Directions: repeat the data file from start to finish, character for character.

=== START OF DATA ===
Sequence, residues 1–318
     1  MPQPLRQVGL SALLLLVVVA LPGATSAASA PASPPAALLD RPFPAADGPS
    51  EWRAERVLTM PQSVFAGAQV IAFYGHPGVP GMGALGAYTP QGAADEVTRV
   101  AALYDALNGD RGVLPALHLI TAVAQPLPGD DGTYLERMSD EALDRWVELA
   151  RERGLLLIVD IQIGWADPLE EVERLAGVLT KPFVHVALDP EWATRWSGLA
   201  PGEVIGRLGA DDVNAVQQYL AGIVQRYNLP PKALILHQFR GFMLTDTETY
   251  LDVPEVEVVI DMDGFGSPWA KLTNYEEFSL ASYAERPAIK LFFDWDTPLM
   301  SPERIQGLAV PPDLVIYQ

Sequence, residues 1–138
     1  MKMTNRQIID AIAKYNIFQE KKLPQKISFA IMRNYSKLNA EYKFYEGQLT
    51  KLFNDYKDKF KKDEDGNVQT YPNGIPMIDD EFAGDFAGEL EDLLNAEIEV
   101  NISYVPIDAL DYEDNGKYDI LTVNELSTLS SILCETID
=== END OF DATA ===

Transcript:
Sequence, residues 1–318
     1  MPQPLRQVGL SALLLLVVVA LPGATSAASA PASPPAALLD RPFPAADGPS
    51  EWRAERVLTM PQSVFAGAQV IAFYGHPGVP GMGALGAYTP QGAADEVTRV
   101  AALYDALNGD RGVLPALHLI TAVAQPLPGD DGTYLERMSD EALDRWVELA
   151  RERGLLLIVD IQIGWADPLE EVERLAGVLT KPFVHVALDP EWATRWSGLA
   201  PGEVIGRLGA DDVNAVQQYL AGIVQRYNLP PKALILHQFR GFMLTDTETY
   251  LDVPEVEVVI DMDGFGSPWA KLTNYEEFSL ASYAERPAIK LFFDWDTPLM
   301  SPERIQGLAV PPDLVIYQ

Sequence, residues 1–138
     1  MKMTNRQIID AIAKYNIFQE KKLPQKISFA IMRNYSKLNA EYKFYEGQLT
    51  KLFNDYKDKF KKDEDGNVQT YPNGIPMIDD EFAGDFAGEL EDLLNAEIEV
   101  NISYVPIDAL DYEDNGKYDI LTVNELSTLS SILCETID